TheLiterateLush: Punch Drunk

Recipe of the Week - Week 4

Brandy Milk Punch

While the etymology of “Punch Drunk” may come from the pugilistic arts, it also describes a condition in which I have been recently finding myself. I LOVE punch, and I owe that love to two people: Kevin Burke and David Wondrich. Kevin, the maestro of Colt & Gray, and David Wondrich, the Bard of Booze and author of such seminal works as Imbibe and Punch, both owe my liver an apology. Actually, they don’t. I owe them undying loyalty for arousing in me a love of punch and the delights it can bring. Whether an old-timey Brandy Milk Punch or a contemporary compound like the “Bombay Government Punch”, Punch is something that just makes for good times. Punch has come far down a long road, from the predecessor of the cocktail and a way to make the ardent spirits of early drinking somewhat more palateable, to the (sorry, Anheuser-Busch) “sure sign of a good time”. Punch signals conviviality, friendship, comraderie and considerable good cheer. But why? Well, first of all it’s freaking delicious. And second, the best punches MUST be compounded on a somewhat large scale (frequently 2 quarts or more at a time), demanding a crowd to help consume the batch, lest one finds  him or herself engaged in an involuntary bout of digestive pyrotechnics the next morning, or executing a close inspection of the floor with one’s face in the nearer-term.

Havana Club

Havana Club, by kentwang on Flickr

There are countless punches that can be herein discussed. But I would like to discuss just one, as it has been recently occupying a large amount of my time: Planter’s Punch. Rum is a new fascination for me. You see, friends, I’m a total snob about lots of things: varietal correctness, proper glassware, ending sentences with prepositions. And Rum has become something about which I am justafiably curious. Throughout the Carribean and south into the Antilles, Grenadines and all the way to French Guyana, marvelous distilleries abound. Beyond the usual names, now more associated with a brand than a product, lie dozens of incredible distilleries. From Jamaica comes Smith & Cross and Wray & Nephew, on Cuba the Havana Club distillery (producers of one of my favorite slightly illegal products), Guyana is home to a particular passion of mine, Demerrara rum. Distilled in Guyana itself, but most often shipped abroad for ageing and blending, the house of Lemon, Hart & Sons is still producing magnificent over-proof rums. Hell, even within the United States you’ll find Oregon-based distillery House Spirits produces an immaculate rum of Hawaiian Turbinado sugar and molasses from the island of Barbados. And let us all not forget the geekiest of things: Rhum Agricole, the southernmost French AOP (Appellation d’Origine Protege, or protected area of origin) in the World and a product of delightful complexity and nuance.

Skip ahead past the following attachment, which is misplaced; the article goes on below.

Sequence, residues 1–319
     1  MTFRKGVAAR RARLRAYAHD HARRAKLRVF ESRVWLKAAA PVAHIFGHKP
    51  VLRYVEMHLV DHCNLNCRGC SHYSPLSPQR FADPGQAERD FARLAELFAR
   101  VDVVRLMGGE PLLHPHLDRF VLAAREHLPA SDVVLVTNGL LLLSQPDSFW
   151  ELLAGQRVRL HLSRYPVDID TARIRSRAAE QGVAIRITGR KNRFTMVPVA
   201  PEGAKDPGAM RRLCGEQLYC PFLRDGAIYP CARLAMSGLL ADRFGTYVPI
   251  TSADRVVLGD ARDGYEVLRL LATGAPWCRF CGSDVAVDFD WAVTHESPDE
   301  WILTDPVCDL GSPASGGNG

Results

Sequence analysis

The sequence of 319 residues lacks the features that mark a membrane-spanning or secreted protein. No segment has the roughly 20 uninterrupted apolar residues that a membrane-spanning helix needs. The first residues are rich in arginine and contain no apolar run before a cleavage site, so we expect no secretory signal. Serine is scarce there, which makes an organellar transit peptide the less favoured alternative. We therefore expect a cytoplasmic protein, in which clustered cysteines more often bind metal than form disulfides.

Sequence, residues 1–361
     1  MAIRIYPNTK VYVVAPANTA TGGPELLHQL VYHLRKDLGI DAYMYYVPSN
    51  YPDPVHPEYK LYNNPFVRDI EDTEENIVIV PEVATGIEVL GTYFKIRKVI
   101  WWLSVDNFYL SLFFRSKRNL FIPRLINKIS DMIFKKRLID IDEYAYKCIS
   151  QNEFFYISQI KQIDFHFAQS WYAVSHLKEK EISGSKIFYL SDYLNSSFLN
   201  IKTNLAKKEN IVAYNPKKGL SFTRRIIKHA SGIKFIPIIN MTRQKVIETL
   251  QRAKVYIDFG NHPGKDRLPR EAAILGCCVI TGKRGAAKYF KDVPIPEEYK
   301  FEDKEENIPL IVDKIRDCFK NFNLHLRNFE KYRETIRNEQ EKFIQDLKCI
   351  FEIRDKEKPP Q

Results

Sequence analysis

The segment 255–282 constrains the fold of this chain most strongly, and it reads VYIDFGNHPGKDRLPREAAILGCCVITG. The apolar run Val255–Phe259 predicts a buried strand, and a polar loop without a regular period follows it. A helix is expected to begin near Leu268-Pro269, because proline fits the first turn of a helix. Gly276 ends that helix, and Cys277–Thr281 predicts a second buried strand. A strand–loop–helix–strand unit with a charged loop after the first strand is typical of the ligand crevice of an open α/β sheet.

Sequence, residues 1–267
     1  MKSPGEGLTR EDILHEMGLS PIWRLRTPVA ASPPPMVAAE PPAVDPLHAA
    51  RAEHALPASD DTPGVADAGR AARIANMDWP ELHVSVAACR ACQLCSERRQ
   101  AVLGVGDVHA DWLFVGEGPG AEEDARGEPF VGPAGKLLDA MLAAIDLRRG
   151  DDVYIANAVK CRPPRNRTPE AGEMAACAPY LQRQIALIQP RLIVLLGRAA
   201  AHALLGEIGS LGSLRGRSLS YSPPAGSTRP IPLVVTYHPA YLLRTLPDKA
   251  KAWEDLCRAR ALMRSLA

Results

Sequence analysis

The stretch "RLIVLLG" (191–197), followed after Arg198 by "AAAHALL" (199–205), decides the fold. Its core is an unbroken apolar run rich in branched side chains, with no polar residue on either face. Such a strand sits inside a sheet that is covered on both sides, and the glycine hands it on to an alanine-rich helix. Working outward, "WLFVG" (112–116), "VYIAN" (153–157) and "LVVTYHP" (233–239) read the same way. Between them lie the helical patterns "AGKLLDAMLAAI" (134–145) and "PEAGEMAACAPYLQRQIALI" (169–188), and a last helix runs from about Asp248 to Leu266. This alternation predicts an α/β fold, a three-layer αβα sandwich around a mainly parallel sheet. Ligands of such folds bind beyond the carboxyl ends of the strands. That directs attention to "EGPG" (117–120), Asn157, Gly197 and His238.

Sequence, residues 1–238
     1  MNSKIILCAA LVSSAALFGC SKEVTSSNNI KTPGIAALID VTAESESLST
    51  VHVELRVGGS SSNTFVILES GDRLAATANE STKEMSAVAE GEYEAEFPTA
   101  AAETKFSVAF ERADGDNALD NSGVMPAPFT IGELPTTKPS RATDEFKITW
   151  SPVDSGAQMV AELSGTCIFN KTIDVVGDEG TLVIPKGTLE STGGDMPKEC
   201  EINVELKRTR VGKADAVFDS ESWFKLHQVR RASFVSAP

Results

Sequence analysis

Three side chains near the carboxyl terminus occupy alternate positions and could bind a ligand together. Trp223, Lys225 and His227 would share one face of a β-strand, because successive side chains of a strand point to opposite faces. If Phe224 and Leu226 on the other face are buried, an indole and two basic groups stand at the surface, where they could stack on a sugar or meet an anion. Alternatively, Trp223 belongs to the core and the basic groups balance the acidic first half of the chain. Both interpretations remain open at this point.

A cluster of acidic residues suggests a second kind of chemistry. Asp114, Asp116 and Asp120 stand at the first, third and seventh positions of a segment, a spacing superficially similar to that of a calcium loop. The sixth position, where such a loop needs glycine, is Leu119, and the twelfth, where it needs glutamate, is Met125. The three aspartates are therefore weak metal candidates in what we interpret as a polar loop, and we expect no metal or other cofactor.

The raw ingredients

But on to the Punch. Planter’s Punch is not so much one cocktail, but a canon of Rum punches, all based on the same rough recipe, but including various proportions of ingredients, usually Rum, Lime, Simple Syrup, Curacao and Angostura bitters. The first known print reference to this delightful concoction dates to 1908: the August 8th edition of The New York Times. Planter’s Punch owes its early popularity to Jamaica, most notably Kingston and the vast plantations  of sugarcane working doggedly to sate the world’s desire for sweetness. Planter’s Punch is designed to be sweet yet balanced, smooth yet strong. It is a drink that comes around to get you on the back end, and get you it does. I can’t help but wish that as I drink my punch, I would find myself magically delivered to the veranda of a vast, elegant home, clad in linen and sitting beneath fans spinning nearly off of their housings, trying in vain to beat back the oppressive summer heat. But the cool drink in my hand, the sunset-orange glow and round flavor do more than the fan could ever hope, as I watch the sun plunge to the sea.

My formula for Planter’s Punch is as follows:

  • 4 oz. good dark rum (Lemon, Hart & Sons Demerrara is my first choice, Smith & Cross is delightful, as is House Spirits)
  • 2 oz. good white rum (Wray & Nephew, Cruzan or Havana Club if you can find it)
  • 2 oz. Curacao (triple sec works fine, Cointreau is better)
  • 6 oz. Pineapple juice (fresh)
  • 4 oz. Orange juice (fresh)
  • 1 oz. Lime juice (fresh)
  • 1 oz. Lemon juice (fresh)
  • 1.5 oz. Grenadine (homemade if you have the patience)
  • 5 dashes Angostura bitters
  • Soda water to adjust strength

-Mix all the ingredients well in a pitcher and chill with ice, preferably large chunks so as not to dilute the Punch too much.

-Taste before you add the soda, it is meant to lighten and enliven, as well as to help moderate the strength, especially if you’ve used entirely over-proof rums.

There you have it, my favorite of all Punches. Hope you find enjoyment and respite in it.

Happy Drinking!

About Kelly Wooldridge

A sommelier, barman, writer, lecturer, nerd. Kelly works as the sommelier, beverage director and bar manager at Trillium in Denver's Ballpark District, he is also an Adjunct Instructor in the College of Culinary Arts at Johnson & Wales University. An Advanced Sommelier through the Court of Master Sommeliers, Kelly has dedicated his life to wine-related nerdery. And of course he also doles out advice and guidance to wine collectors in Colorado and elsewhere under the aegis (and isn't that an awesome word?) of VinCierge, a consultancy based in Denver. Sometimes he rides a bike, but most times you can find him wherever you see Denver's most beloved FrankenFord, Goldie, our wino's trusty Hoopty.

  • Kevin Burke

    You sir, will always make better punches than I. Anyone who hasn’t had the pleasure needs to sit at this man’s bar, and have him make you a punch. Preferably on a Sunday morning when it’s a steal on the Brunch Menu at Colt & Gray.